In this case, the income being subject to tax is $I million paid by Indian company Ashapura Minechem to China Aluminium International Engineering Corp. The payment was made for services rendered by the Chinese company for bauxite testing. The final report of the bauxite testing was prepared by the Chinese company in China. The Indian company claimed before the ITAT, that since the Chinese company did not have any business activity within India, it is not liable to pay tax in India either under the Indian Income-Tax Act or under the Double Taxation Avoidance Agreement. The Indian company claimed before the ITAT that to be liable to pay tax in India, the Chinese company should have a territorial nexus in the country. The latter did not have a permanent establishment in India, the Indian company pointed out. The concept of territorial nexus merely means that tax can be levied in the territory where the business activity had taken place. In this case, the payment was made outside India for service rendered outside India. Going by the theory of territorial nexus, the Chinese company is not liable to pay tax in India. And hence the Indian company is not liable to withhold tax from the payment made to the Chinese company.
The Income-tax department can tax even a payment made to a foreign entity outside India, if the transaction has a business connection within the country, according to a verdict passed last week by the Income Tax Appellate Tribunal, Mumbai. In this case, the income being subject to tax is $I million paid by Indian company Ashapura Minechem to China Aluminium International Engineering Corp. The payment was made for services rendered by the Chinese company for bauxite testing. The final report of the bauxite testing was prepared by the Chinese company in China.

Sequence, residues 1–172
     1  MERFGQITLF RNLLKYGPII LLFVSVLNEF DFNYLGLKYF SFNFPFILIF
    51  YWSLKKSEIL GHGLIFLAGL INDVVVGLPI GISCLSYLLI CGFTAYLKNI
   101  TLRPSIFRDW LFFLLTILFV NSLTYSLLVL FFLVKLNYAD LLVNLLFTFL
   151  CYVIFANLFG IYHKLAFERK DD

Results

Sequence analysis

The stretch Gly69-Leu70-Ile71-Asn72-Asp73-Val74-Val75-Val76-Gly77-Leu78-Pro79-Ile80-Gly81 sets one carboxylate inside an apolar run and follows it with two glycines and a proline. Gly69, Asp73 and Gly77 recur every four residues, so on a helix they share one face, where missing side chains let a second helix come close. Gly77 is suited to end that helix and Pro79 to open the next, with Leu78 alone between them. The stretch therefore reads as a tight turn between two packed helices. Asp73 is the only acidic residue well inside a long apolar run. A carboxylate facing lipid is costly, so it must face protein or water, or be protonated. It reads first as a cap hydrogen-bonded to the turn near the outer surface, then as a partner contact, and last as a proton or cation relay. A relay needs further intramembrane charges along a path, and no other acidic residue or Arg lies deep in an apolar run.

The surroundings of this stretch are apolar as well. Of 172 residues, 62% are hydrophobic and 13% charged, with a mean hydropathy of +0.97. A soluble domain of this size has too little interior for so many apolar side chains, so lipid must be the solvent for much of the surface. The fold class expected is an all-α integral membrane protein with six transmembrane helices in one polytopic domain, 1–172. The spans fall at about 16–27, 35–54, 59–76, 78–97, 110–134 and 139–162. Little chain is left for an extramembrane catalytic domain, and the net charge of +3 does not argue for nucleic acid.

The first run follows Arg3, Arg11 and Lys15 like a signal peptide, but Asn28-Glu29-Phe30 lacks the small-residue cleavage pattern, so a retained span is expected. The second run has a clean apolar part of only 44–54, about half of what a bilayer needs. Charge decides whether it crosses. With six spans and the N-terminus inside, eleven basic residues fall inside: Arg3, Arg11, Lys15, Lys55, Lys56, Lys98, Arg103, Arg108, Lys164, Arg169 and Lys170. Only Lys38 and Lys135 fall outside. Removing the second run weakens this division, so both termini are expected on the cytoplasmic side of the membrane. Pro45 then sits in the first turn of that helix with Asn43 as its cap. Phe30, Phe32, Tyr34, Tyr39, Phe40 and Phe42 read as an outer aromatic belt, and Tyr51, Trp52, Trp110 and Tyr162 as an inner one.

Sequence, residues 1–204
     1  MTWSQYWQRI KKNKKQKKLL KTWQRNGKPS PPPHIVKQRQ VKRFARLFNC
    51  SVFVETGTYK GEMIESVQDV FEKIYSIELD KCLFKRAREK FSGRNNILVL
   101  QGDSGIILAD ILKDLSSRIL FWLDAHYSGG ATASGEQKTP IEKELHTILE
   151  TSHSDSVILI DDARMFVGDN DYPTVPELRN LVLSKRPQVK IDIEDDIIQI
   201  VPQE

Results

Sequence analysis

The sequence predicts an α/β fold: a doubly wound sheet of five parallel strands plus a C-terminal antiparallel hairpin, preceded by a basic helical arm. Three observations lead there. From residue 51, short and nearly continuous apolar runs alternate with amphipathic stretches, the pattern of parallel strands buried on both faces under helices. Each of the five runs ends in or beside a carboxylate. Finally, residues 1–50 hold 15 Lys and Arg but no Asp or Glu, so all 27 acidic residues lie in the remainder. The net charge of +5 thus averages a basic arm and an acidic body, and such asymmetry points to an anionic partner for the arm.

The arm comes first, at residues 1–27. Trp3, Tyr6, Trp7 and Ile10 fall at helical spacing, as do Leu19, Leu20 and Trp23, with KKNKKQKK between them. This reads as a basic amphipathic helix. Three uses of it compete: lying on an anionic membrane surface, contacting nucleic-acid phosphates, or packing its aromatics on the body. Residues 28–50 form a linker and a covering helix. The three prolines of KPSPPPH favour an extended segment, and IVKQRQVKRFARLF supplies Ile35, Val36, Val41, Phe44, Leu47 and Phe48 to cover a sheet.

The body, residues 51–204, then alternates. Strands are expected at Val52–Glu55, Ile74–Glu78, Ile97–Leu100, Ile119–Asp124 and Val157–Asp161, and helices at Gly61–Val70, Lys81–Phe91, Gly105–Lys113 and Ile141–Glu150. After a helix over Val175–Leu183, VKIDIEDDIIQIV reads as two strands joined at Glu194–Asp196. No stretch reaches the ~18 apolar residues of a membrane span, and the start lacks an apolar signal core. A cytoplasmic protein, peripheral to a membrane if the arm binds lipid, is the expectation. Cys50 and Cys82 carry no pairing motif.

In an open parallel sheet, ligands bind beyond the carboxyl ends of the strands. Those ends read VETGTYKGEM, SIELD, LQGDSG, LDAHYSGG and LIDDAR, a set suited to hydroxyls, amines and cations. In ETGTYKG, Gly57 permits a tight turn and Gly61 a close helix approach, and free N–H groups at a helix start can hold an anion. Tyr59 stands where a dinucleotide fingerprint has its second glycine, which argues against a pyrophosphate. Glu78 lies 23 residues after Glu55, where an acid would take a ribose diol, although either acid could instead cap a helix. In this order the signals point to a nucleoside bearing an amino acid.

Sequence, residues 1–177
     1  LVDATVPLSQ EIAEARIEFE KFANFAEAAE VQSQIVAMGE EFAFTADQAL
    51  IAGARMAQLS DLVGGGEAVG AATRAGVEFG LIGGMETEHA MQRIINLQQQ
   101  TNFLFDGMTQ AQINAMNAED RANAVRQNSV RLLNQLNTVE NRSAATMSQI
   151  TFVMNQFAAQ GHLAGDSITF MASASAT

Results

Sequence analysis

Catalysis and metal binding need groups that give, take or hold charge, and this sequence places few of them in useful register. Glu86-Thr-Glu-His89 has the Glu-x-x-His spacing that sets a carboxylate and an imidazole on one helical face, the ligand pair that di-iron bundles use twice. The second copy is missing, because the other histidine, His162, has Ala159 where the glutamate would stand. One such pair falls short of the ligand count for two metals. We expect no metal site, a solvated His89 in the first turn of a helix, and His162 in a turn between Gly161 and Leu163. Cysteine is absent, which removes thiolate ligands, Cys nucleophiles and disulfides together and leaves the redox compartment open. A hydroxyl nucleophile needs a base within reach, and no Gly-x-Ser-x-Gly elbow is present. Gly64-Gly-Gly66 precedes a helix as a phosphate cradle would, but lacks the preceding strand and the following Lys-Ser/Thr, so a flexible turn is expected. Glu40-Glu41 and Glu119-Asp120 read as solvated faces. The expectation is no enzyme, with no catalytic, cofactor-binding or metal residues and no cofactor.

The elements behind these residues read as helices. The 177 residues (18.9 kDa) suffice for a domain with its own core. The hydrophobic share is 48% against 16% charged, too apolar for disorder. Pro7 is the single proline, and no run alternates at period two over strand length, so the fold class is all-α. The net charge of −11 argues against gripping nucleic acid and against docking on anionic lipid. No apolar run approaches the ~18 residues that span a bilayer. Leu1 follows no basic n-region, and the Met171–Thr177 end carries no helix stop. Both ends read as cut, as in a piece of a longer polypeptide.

In this case, the ITAT gave an order favouring the I-T department’s decision to levy tax on $1 million (about Rs 4.5 crore) paid by an Indian company to a Chinese firm for services rendered in China.
In order to tax such payments, ITAT held, it is not necessary that the party has a business activity in India (territorial nexus). A division bench of ITAT, comprising Pramod Kumar and R S Padvekar, held that tax is payable in India on any income which is either sourced from India or which arises to a person domiciled in India.
The ITAT virtually dismissed the theory of territorial nexus, a concept of taxation by which tax is levied in the territory in which business activity took place.
The ITAT said that even if the business activity is not located in India, tax can be levied in India, the only prerequisite being a business connection.
The ITAT negated the claim saying that India does not follow territorial taxation method in its income-tax. The ITAT said: “It is thus fallacious to proceed on the basis that territorial nexus to a tax jurisdiction being sine qua non to taxability, in that jurisdiction is a normal international practise in all tax systems.”
The ITAT drew support for its decision from the amendment made in the relevant I-T laws in the Finance Act 2010.